Guest Column

Energy conundrum? What energy conundrum?

2016-12-29 08:01

It would seem that we have somehow taken a winner takes all mentality when it comes to discussing the most pertinent issues facing our country of late. This becomes glaringly evident when it comes to the emotionally charged issue of electricity generation and the allure of renewable energy.

Debates about out energy security tend to revolve around trumpeting the positives of green energy and entering into emotionally charged diatribes about carbon based generation methods. What we lose out on is the opportunity to present each other with a much more balanced view of both the positives and challenges of each method so that we can be armed with a holistic insight of the issues at hand and thus be able to contribute to the discourse productively.

The positives of renewable energy

Renewable energy is abundant in South Africa as both solar and wind resources can compete with most places anywhere in the world. Generally speaking, there is much more FDI interest in renewables than carbon based power generation as proven with South Africa’s IPPP programme and Eskom’s struggles to raise the cash for Medupi and Kusile power stations.  

The decentralised nature of green energy allows greater flexibility in where generation is placed around the country. It has also not been lost that green energy has decreased the barriers to entry into the market and as such has the potential of breaking the Eskom monopoly, diversifying our energy mix, with the hope of a more resilient energy supply. The big positive about renewable energy is that, even though some of the technology is relatively unproven, costs are decreasing year on year as the scale grows. Ultimately, this means the prices charged per kilowatt/hour for each new generation of power stations will decrease, creating an opportunity for Africans to industrialise without the devastating environmental denegation as seen with our Western, and more recently, Asian counterparts.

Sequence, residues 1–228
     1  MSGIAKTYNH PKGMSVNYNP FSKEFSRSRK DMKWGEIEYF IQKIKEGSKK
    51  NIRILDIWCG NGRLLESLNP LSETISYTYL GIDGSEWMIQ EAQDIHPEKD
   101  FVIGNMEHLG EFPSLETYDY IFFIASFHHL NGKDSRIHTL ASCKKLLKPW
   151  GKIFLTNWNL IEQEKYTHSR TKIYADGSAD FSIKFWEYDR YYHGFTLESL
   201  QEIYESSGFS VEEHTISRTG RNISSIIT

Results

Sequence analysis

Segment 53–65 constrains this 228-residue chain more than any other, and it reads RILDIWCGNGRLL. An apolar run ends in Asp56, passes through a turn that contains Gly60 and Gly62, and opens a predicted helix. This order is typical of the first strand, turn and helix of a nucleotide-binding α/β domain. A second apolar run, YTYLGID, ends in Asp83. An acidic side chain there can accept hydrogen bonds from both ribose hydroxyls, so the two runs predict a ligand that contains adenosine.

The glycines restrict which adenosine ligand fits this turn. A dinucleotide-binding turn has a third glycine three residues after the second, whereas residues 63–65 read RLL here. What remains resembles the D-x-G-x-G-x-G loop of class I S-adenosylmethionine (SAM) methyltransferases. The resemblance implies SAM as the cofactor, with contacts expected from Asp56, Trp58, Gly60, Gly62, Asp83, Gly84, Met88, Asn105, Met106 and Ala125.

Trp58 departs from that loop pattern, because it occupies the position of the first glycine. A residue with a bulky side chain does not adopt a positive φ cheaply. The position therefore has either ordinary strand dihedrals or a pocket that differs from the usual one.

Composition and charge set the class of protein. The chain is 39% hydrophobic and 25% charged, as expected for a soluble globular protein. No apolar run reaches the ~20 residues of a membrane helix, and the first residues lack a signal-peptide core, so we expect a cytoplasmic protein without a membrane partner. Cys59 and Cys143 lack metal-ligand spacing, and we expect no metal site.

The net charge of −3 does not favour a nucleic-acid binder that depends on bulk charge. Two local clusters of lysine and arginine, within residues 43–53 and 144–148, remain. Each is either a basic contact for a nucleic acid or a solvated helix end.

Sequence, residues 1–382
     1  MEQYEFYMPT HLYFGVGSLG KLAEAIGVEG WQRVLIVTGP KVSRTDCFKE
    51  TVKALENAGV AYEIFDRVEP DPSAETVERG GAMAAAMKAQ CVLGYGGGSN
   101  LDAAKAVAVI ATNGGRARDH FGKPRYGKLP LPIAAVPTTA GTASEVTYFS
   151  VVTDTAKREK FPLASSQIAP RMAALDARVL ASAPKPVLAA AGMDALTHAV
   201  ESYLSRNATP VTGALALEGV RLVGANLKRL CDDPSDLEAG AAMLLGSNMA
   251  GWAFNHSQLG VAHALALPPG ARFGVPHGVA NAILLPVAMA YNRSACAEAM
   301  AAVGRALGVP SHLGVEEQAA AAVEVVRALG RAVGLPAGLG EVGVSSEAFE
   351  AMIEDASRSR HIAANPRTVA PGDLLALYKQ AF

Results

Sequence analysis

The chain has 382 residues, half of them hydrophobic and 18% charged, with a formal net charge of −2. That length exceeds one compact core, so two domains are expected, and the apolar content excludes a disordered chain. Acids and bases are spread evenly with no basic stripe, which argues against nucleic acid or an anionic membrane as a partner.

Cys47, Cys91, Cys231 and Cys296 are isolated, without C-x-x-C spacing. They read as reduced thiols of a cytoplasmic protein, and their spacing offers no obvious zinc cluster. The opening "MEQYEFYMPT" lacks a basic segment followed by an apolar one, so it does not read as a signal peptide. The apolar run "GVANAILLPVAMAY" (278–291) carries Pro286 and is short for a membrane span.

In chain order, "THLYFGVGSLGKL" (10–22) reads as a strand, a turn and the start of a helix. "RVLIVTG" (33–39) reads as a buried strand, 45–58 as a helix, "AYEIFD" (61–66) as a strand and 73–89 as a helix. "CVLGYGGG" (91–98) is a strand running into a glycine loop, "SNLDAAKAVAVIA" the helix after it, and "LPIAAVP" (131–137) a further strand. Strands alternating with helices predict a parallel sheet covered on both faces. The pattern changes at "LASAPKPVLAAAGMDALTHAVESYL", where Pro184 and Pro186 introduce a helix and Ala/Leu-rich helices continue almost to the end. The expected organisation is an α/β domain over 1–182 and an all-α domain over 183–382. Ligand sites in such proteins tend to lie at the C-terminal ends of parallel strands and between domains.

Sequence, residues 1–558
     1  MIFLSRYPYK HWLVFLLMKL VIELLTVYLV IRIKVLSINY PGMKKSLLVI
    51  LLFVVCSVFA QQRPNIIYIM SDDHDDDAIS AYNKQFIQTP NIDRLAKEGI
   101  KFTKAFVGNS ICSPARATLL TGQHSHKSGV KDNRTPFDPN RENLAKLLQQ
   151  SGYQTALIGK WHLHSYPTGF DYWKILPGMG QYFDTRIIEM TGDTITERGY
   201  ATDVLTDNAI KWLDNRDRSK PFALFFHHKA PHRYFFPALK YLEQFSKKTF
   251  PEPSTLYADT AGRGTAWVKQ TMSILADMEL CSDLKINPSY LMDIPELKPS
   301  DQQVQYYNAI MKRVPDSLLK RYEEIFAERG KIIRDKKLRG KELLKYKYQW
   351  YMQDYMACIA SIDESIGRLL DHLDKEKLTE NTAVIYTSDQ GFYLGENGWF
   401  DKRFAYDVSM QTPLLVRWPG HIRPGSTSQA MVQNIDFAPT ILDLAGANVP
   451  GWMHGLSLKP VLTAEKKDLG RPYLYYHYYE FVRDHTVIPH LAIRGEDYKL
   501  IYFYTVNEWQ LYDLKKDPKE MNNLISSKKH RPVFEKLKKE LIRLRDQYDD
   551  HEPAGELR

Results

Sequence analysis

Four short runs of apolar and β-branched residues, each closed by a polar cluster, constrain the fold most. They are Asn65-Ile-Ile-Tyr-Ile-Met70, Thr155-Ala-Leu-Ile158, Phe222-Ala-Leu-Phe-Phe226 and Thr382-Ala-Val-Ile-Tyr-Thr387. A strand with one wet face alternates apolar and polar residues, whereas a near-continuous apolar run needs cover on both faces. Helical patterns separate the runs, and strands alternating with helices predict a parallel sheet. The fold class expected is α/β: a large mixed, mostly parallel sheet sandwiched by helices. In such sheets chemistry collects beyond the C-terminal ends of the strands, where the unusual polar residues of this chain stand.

The challenges

That being said, there are some glaring challenges that renewables face in South Africa today. These challenges have to do with both the shortcomings of the technology in its current state and indirect consequences that are particularly weighty for a developing country like ours.